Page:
In this series, we will be sharing moodboards our team has created so you can take a peek at what we are all working on and keep up with the latest trends.

This week’s moodboard was created by Nina Champion, Interior Design Consultant for McKenzie & Willis Queenstown. Inspired by one of their latest showroom schemes, it is eclectic in style, full of texture and daring with its colour choices.

FINAL MOOD BOARD web

Tell us a little about this moodboard?

As the seasons change, we regularly update our showroom schemes to reflect the latest looks in interior design as well as showcase all our beautiful new products. This moodboard is based on one of our most recent designs. The idea behind it was to use a mixture of bohemian, urban modern and eclectic styles to create an inviting, warm and cosy feel for winter. We played with a lot of texture, pattern and colour to achieve this. We hope it inspires our clients and helps them feel confident to go beyond their comfort zones in their own homes too.

What are the key elements or features you are using to achieve this style?

I really like the bohemian & eclectic styles, there are just so vibrant and inviting! I started the mood board with a bright green velvet sofa that ties in with these looks and sets the tone as the main feature.

As winter is fast approaching, I wanted to create a welcoming and intimate space so I really focused on this when exploring flooring options. The timber is perfect for this space as it incorporates warmth with the dark tones and complements the green velvet. The space is intended on being comfortable so I also selected a rug to soften the hard flooring. The cream rug with subtle pattern and shale colour continues the eclectic style and contrasts nicely with the dark timber.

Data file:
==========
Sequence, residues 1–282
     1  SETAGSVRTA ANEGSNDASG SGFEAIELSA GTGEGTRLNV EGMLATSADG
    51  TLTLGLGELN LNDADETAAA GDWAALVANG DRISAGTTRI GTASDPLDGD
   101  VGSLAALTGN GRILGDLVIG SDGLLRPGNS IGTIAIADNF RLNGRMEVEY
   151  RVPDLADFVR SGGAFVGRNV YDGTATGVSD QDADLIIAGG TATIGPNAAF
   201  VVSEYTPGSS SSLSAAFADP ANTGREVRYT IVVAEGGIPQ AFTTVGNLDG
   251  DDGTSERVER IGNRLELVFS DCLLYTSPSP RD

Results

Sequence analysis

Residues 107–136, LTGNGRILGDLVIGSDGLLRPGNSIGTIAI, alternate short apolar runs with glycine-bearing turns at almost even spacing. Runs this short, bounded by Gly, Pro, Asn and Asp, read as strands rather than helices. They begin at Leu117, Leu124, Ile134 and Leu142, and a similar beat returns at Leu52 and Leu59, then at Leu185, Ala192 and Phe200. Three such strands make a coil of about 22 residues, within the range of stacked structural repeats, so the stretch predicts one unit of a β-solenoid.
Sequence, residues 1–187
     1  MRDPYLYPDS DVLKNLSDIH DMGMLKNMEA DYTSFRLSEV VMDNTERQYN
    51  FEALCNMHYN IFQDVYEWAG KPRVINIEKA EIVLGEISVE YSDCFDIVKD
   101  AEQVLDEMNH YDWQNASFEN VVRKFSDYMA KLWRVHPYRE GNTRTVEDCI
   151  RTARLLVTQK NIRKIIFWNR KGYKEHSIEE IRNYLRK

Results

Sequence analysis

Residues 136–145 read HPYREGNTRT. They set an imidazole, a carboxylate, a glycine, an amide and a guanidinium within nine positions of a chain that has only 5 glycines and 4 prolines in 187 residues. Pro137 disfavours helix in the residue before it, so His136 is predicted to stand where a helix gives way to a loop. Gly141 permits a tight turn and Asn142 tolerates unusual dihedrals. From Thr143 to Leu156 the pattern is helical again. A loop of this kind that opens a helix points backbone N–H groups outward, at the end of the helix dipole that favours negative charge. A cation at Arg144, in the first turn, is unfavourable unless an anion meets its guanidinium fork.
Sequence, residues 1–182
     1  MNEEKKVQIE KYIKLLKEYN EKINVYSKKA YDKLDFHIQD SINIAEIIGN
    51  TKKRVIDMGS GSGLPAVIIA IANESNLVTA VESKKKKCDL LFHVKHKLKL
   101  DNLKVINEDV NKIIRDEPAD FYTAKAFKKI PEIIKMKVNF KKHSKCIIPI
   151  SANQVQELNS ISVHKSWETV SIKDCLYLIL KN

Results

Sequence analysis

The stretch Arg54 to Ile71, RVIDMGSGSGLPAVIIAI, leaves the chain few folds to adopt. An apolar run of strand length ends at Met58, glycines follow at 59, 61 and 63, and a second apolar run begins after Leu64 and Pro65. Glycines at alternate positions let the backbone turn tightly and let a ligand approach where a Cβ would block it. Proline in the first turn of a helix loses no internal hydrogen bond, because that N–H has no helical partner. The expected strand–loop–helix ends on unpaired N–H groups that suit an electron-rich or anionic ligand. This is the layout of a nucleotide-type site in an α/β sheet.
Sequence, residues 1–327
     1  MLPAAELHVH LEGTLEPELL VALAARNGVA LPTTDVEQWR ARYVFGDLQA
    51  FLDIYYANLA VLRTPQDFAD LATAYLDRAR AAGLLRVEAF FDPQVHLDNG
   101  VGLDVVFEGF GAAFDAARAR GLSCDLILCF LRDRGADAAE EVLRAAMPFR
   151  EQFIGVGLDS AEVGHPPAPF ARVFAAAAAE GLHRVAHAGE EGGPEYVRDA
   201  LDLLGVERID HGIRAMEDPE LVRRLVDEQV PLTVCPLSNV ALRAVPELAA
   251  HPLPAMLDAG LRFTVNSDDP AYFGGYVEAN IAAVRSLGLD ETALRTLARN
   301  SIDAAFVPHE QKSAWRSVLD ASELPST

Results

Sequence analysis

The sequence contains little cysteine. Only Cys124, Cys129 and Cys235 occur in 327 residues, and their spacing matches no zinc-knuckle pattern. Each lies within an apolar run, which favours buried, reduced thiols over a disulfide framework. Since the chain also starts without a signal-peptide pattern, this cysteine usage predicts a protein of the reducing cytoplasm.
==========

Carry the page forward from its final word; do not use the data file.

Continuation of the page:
I then wanted to add more colour to the space by incorporating it on to the walls. I found a navy blue called Aquarium from Resene and paired this with the warm neutral Double Merino. Blue is known as a calming colour and can look great in a space when used well. For this particular space I needed to choose a blue with a warm undertone and one that was subtle enough not to overwhelm the room.

The lighting was another key element in this space. I wanted to find a light that offered a moody, intimate setting yet didn’t get lost in the space amongst the dark colours and was a feature in its own right. The light colour of this pendant would lift the space in the day time, yet give a muted light in the evening, creating a beautiful shape reflected on the ceiling and walls.

Once I had these larger elements I looked for other items which would complement these and add to the style.

Ethnicraft Side Table

Where do you find inspiration for showroom schemes?

I often spend my down time scrolling through Instagram and Pinterest. I follow many interior design & architecture pages that show projects, beautiful homes and furniture pieces. Websites and apps such as these get my creativity flowing and if there’s a certain style I come across and love, I will try to incorporate it into a design.